Issifu Kudus: The fact that I get both positive and negative feedback. I mostly get calls from people I don’t expect will read from me. Most at times, I get immediate results from my writings. Lastly, I have a dream of becoming a great writer in Africa if not the world, so that dream keep pushing me into trying my hands on anything that comes up.
Alima Bawah: Wow! What did you seek to achieve when you wrote about Ghana’s economy and directed it to the IMF? (https://padfmonline.com/speak-up-mr-imf-the-grandson-of-the-original-slave-master-issisfu-seidu-kudus/)
Issifu Kudus: Interesting! I was angered my sister. I’m one of those who have never liked these so called multilateral bodies used as power poles to control African countries. I have the belief that Africa is under the worse form of slavery and colonialism than it were in the past.
Going forward, these institutions (IMF, World Bank etc.) are such prostitutes who get married to every government in power.
In short, I think that Africa or as it were, Africa governments can live without these institutions. But they can’t live without us because it appears their survival is intrinsically woven with the resources they take from us. Unfortunately, we have allowed ourselves to be remote controlled by them over the years; while we continue to denigrate ourselves.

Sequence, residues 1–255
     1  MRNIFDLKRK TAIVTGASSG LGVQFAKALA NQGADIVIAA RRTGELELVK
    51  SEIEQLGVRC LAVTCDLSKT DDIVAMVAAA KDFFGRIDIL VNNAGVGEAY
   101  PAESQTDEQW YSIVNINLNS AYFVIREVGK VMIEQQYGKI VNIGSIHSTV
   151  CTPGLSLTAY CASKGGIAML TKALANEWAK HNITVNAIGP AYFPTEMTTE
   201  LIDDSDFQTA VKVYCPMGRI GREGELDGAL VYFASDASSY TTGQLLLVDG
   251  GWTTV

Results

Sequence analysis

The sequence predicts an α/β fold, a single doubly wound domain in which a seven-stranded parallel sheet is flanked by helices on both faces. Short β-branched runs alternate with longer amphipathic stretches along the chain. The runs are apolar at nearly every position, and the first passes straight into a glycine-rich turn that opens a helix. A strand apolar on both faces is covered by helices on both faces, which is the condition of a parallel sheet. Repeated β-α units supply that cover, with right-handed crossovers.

I wrote that article at the time there was this tussle between the two major political parties over some data which they were as usual; accusing each other over.
Alima Bawah: Do you feel same when the biggest opposition is in power too?
Issifu Kudus: My writings cut across all governments. You know, I am a student of Prof Lumumba and Julius Malema of South Africa,
Alima Bawah: How does your writing impact your community?
Issifu Kudus: Well, I don’t do one way writing. I write about dying culture and traditions, I write about environmental degradation, especially logging and commercial charcoal burning. I write about some social vices that get my immediate community corrupt and wayward. Most often, I get called to local radio stations to speak to those issues, I get to speak on local platforms and ultimately I get some people agreeing with my thoughts.
I am currently putting together a team of young men and women who have developed interest to write and champion the course of stopping logging and commercial charcoal burning in the Gonjaland.
Alima Bawah: And that brings me to another feature you did on charcoal burning. What is the current state after your article? (https://padfmonline.com/the-lost-fight-against-charcoal-burning-in-gonjaland/)